Between these two works, the dancers performed Moves, by Jerome Robbins, and Tchaikovsky Pas de Deux, with a début by Ashly Isaacs. Her partner was Chase Finlay, finally back this season from a long injury. Isaacs gave a solid performance, which will doubtless grow more playful and more daring over time. Moves has the distinction of being Robbins’ only ballet to be performed in silence. He made it in 1959 for his touring group, Ballets:USA. It has an experimental feel, as if Robbins had decided to place a spotlight on all the conventions of balletic presentation, partnering, and Balanchinean rigor. (I could be wrong, but it seems to me there are references to Agon, which premiered just two years earlier.)
The dancers start out in a line across the front of the stage. A few of them pivot into second position – legs apart – so that they are standing at a diagonal to the rest. Then one of them bends forward, throw her arms into the air, and runs off. This is repeated by several others. There’s a long pas de deux, performed here by Adrian Danchig-Waring and Ashley Hod, in which, the man presses down on the woman’s arms as she sits in a split on the floor, then slowly places her hands behind her back, and finally pulls her head back, manipulating her like a mannequin. In another section, three couples – two men, two women, and a man and a woman – partner each other, echoing each other’s movements. The only accompaniment is the dancers’ stomps and the occasional slap on the floor, plus the inevitable coughing from the audience. It’s a curious and original work, if perhaps a little over-long.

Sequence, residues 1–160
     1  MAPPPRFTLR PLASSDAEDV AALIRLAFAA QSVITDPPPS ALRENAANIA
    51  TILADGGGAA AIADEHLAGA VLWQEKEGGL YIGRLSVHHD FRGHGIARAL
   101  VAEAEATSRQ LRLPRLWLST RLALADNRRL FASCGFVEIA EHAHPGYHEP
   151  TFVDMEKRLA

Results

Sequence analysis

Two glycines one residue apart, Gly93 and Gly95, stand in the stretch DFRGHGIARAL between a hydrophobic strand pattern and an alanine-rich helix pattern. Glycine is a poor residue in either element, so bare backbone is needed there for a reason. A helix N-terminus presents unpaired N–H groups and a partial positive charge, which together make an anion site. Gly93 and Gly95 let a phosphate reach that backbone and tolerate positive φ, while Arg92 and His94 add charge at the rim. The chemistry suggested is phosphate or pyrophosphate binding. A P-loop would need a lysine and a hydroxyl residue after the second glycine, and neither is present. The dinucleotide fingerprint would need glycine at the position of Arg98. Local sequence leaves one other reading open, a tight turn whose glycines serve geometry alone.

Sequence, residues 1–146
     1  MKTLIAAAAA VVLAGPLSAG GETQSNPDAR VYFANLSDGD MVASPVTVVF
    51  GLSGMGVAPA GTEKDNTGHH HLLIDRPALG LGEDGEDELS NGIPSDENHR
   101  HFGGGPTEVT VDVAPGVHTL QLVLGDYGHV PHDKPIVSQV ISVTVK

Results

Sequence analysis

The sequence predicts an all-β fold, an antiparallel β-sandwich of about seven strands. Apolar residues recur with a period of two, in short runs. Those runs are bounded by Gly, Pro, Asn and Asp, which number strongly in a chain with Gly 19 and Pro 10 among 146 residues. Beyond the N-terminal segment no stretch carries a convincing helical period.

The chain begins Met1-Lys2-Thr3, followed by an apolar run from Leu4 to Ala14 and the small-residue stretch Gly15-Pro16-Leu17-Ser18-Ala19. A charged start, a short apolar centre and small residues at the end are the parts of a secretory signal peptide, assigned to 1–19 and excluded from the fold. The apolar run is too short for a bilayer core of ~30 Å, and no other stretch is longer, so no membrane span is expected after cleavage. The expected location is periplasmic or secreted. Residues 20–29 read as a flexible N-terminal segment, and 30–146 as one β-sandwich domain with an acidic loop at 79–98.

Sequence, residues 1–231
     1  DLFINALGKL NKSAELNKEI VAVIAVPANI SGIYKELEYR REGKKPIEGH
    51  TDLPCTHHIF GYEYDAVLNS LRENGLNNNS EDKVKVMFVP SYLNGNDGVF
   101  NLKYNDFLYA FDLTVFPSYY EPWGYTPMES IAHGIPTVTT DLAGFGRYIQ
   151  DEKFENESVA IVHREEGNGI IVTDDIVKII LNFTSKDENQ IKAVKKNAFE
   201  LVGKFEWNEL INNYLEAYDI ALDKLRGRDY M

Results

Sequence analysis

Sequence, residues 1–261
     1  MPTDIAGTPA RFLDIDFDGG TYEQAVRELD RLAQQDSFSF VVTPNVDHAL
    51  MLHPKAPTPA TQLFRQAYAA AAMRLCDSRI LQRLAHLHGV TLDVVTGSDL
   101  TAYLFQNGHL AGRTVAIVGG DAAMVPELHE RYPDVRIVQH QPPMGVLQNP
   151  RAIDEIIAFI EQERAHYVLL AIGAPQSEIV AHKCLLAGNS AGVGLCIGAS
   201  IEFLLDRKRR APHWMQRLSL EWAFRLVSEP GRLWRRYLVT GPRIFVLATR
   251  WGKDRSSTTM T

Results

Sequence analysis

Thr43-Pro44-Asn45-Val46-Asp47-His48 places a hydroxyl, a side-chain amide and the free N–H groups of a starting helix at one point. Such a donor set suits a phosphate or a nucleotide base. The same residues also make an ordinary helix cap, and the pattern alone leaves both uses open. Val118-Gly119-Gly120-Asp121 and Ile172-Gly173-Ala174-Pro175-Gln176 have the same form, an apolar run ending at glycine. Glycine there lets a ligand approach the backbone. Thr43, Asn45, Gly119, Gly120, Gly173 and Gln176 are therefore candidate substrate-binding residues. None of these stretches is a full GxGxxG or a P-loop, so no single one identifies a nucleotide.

Earlier in the week, on April 20, the company gave a performance of three ballets made for the company by today’s busiest trio: Christopher Wheeldon, Alexei Ratmansky, and Justin Peck. Estancia, Wheeldon’s take on Alberto Ginastera’s 1943 ballet, is like a gaucho version of Agnes de Mille’s Rodeo. The young “country girl,” Tiler Peck, is a champion horse-tamer. Tyler Angle, the “city boy,” is instantly smitten. They tame a few horses together, and then fall in love. It all ends with a big hoe-down – sorry, malambo – and everyone lives happily ever after. Wheeldon made Estancia in 2010, before Alice in Wonderland and American in Paris, and you can see him teaching himself how to tell a story coherently and clearly, without distractions. The characters and plot are rather clichéd and the “country girl” lacks the verve of the cowgirl in Rodeo, but there are some nice touches: the kicking, moon-walking choreography for the horses, a lovely ensemble for the women planting seed, and the square-dance-like finale. (The swooning pas de deux is echt Wheeldon: fluid and laced with rapturous lifts.) The backdrops of dusk on the pampas, by Santiago Calatrava, are beautiful. But to make Estancia more convincing the company needs to dance it more vibrantly, more like a piece of musical theatre and less like a pretty concoction. The dancers seem almost embarrassed by it.
One of the most striking things about Pictures at an Exhibition (the Ratmansky) and Everywhere You Go (the Peck) is precisely this: the fervor they unleash. Both reveal new aspects of the dancers. In Pictures, their theatricality and willingness to throw themselves into wild, folky, earthy movement. (And to be funny.) And in Everywhere We Go, a degree of clarity and sharpness that allows you to see the choreography before you almost like a drawing on a page. The opening, in which three men dance with their shadows – a counterpart lying on the floor – leaves an indelible impression. The fact that the music (by Sufjan Stevens) is blaring and sentimental and that the ending is overly drawn out doesn’t dilute its effect.
Which brings us back to the original point, which is that New York is a good place to be in springtime.